A Cooperative Spirit
When it comes to book publishing, editors are looking for authors who have a cooperative spirit. While I had written a number of books, I’ve not self-published any material—so I had no idea the real cost involved to produce a book until I began working inside a publishing house. I’ve seen the actual financial statements for books so I can validate what Brian DeFiore, literary agent and former Editor-in-chief at Hyperion, said at an ASJA meeting several years ago. He estimated a $100,000 price tag for a publisher to bring a manuscript into the marketplace. That price includes a modest advance to the author but also includes the printing costs, the design costs for the cover and the editorial work on the manuscript (in other words the entire package).
Because of this financial investment, a publisher in their publishing contract has certain rights—and some authors balk at these non-negotiables. The publisher will title the book. I regularly tell authors if they create a great title, then it will stay throughout the publishing process (or so has been my experience). Your publisher will also edit your manuscript and shape it into the best possible presentation. It’s pretty logical since they want to earn back their investment—and more—if they want to stay in business. From my perspective, the key idea is for the author to be someone who cooperates with the process and actually jumps into it to help sell books and enthusiastically get the word out about their book.
With this background in mind, I was perturbed with the anecdote which opened the November 2005 Fast company article by Lucas Conley “Getting on the Same Page.” The opening of this article makes it out like traditional publishing is purely adversarial and the wishes of the writer are totally ignored. I’m sure there is some people have those experiences but it hasn’t been my general publishing experience. In general, the publisher wants the author to love their title and their finished book—so they will show the book at every opportunity and enthusiastically help the publisher sell books. Certainly there are author horror stories but in general, writers and publishers want to work together to sell books.
What I do like about this article (and why I’m writing about it) is the statistical information about the overall picture of book publishing and the average sales of books. If you aren’t familiar with this information, then it will help you have a more realistic picture of what happens with books on the average. Of course, every author believes their book will be beyond average. Yet that optimism has to be tempered with realism which you build into your book proposal and marketing plans about what you can do for your own book if published.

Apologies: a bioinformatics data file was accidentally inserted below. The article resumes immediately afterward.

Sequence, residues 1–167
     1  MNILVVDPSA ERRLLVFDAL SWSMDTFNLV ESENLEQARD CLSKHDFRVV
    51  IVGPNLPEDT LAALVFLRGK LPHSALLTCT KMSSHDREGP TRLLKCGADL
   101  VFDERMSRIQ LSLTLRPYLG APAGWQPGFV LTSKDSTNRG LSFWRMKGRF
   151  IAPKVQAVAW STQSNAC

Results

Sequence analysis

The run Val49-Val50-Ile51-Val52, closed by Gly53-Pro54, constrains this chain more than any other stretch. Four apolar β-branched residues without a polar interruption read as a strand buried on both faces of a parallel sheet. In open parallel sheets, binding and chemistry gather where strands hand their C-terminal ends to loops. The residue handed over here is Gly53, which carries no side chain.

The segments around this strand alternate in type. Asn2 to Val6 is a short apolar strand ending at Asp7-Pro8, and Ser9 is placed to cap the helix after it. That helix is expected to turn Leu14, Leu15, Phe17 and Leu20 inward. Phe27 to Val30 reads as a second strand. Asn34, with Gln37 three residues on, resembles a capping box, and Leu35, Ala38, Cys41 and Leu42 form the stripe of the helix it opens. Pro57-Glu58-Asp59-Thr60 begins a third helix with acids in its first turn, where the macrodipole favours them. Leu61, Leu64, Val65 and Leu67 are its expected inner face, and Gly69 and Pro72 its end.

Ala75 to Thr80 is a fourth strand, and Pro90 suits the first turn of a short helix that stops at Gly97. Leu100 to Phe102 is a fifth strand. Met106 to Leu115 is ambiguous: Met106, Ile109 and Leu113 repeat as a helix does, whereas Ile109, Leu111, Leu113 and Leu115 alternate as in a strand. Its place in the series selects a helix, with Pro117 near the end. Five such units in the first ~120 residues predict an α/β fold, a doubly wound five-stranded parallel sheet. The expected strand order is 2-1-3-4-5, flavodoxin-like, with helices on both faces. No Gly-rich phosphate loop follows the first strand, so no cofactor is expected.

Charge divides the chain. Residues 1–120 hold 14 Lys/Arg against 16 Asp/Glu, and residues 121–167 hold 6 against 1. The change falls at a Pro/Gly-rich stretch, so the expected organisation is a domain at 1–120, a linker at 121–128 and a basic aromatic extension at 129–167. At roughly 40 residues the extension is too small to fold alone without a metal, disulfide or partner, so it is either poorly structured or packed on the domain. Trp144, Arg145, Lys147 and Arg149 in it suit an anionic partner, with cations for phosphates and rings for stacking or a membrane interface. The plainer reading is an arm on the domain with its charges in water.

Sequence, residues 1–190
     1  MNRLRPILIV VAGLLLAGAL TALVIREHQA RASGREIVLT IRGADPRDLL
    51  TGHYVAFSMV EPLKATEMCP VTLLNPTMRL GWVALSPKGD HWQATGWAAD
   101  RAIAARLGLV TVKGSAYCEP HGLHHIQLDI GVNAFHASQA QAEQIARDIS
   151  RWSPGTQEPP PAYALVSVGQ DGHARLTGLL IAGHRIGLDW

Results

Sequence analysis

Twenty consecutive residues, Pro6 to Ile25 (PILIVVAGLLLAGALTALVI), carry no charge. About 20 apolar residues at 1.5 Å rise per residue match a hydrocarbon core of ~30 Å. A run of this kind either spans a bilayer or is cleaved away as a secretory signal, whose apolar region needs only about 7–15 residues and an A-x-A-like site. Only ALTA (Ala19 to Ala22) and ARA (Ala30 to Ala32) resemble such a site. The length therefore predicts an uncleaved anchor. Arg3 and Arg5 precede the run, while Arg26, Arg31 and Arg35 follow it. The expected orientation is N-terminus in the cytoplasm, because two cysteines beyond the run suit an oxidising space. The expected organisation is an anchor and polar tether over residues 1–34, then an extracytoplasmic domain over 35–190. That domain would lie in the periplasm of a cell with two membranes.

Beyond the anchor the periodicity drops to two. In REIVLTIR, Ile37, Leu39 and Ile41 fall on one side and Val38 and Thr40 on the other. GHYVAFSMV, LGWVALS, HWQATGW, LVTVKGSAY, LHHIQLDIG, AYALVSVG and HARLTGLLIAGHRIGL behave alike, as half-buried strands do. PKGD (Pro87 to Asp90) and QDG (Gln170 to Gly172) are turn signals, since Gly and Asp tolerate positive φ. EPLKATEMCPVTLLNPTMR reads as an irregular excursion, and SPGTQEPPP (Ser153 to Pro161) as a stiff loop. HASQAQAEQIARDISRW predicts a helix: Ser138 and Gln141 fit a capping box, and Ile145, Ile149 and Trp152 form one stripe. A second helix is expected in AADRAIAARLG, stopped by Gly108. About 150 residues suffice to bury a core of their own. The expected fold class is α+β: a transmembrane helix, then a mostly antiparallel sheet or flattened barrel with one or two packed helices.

Also notice how they handle their manuscript review process to gain feedback from independent readers before the book is published. I’ve seen these techniques but often on a more limited scale. Lucas Conley writes, “Upon receiving a manuscript, he'll [the managing editor Jeevan Sivasubramaniam] team the author with a reviewer whom he believes will like the book, one who is bound to be skeptical, and a couple of others, including at least one “wild card” with no specific background in the subject. The reviews—often 15 to 20 pages from complete strangers—can be hard to swallow, especially after months or years of solitary wordsmithing. “Authors are typically horrified,” says Piersanti [Steve Piersanti, Berrett-Koehler’s founder and president]. “For the first three or four days they can’t even see straight.” The ends justify the means, says Sivasubramaniam, who derives a mischievous pleasure from his role as matchmaker and intellectual alchemist. “When four reviewers who’ve never met one another come to the same conclusions, the author pretty much has to stop and listen,” he says.” What a gift of such valuable feedback—yet many authors resist receiving it—then more importantly doing something proactive about the feedback to change or fix their writing. If you can learn to handle this sort of process, you will be strengthened as a writer and your ability to grow in the craft.
Also note this article doesn’t shy away from the time involved in this feedback and cooperative process. There are some interesting words tucked into this article worth reading—such as “some authors can be difficult” or “the author’s dominatrix-like demands.” It’s now how you want to be portrayed even internally within a publishing house. Yet the results of cooperation in the publishing process are impressive and worth noting. Whether you are a much published author reading these words or a never-been-published-want-to-be, I believe there is something valuable to learn from the process.